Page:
Hatchie’s ‘Keepsake’ Is Genre-Defying Alt-Pop That Deserves To Be Treasured

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Hatchie‘s debut EP, Sugar & Spice, was one of the most impressive releases of 2018. On it, singer-songwriter Harriette Pilbeam was a dream-pop witch, finding the middle ground between Mazzy Star and Carly Rae Jepsen while making it all her own. Throughout the EP’s five songs, Hatchie explored doubt, hope, happiness, and everything in between, capturing each hard-to-reach feeling with soaring synths and fuzzy guitars.

The use of the past tense to describe that era of her music is purposeful, not because she doesn’t fit those descriptions anymore, but because she’s become so much more. For her full-length debut, the Brisbane singer-songwriter dares to upturn everything that made Sugar & Spice great. Keepsake defies categorization. The album is bookended by towering synth-pop anthems akin to Sugar & Spice, but the rest of the record is a dizzying, brilliant blend of industrial rock, new wave, and gritty shoegaze.

The shift in her sound is both a natural evolution and a challenge Pilbeam gave herself. Over coffee in Austin in May, she described the process of writing and assembling Keepsake. For her first album, Pilbeam was already looking ahead to what her second and third might sound like. Two pop releases would put her in a box, but a pop EP and a shoegaze/industrial/electropop album would demonstrate the full range of what a Hatchie song could be.

Pilbeam embraces all the malleability and freedom that being an artist and writer can give a person. Not just when it comes genre, but in point of view and subject matter. Hatchie dares to imagine what love, friendship, and community look like from multiple perspectives, in different tempos, in entirely new worlds. She is as thoughtful as her music is, and she didn’t even bat an eye when I took her to the dorkiest cafe on my alma mater’s campus. In Austin for her tour with Girlpool, Pilbeam spoke about everything from high school diaries to Taylor Swift’s love life over coffee. Read a condensed and edited version of our conversation below.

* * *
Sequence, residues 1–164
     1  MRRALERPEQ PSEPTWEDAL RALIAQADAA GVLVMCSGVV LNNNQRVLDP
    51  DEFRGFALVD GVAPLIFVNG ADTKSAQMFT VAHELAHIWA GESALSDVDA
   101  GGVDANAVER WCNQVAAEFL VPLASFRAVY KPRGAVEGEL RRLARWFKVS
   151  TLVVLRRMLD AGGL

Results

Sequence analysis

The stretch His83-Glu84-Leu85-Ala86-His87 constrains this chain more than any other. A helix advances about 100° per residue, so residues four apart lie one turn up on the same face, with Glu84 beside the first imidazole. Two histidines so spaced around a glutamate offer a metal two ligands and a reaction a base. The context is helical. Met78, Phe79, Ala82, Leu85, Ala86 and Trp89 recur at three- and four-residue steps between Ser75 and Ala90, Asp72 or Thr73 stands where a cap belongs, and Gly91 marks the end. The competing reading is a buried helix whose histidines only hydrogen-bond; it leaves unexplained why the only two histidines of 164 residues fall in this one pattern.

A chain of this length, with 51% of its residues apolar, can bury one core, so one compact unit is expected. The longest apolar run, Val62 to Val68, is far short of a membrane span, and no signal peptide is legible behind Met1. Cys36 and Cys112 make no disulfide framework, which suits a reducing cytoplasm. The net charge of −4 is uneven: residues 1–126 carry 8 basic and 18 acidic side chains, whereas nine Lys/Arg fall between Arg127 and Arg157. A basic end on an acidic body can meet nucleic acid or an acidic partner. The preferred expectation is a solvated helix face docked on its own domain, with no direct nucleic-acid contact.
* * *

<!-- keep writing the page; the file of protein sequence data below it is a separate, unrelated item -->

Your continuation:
Keepsake to me is a really evocative title. A lot of the time, when people think of nostalgia, they think of holding onto memories, but a keepsake turns memory into something you can actually hold in your hand. How did you land on that as the title for your debut album?

I’m not a particularly nostalgic person when it comes to talking and thinking about memories, but I do definitely hold on to physical keepsakes and mementos. Especially for trips I’ve been on, things I did when I was younger. I went to my parents’ house recently, and I have a little cupboard of things I haven’t touched since I was in high school. So like, almost 10 years. I really struggled to throw out my high school diary, which, like, ‘I don’t know if I’ll ever need this!’ But physical things, I definitely hold onto.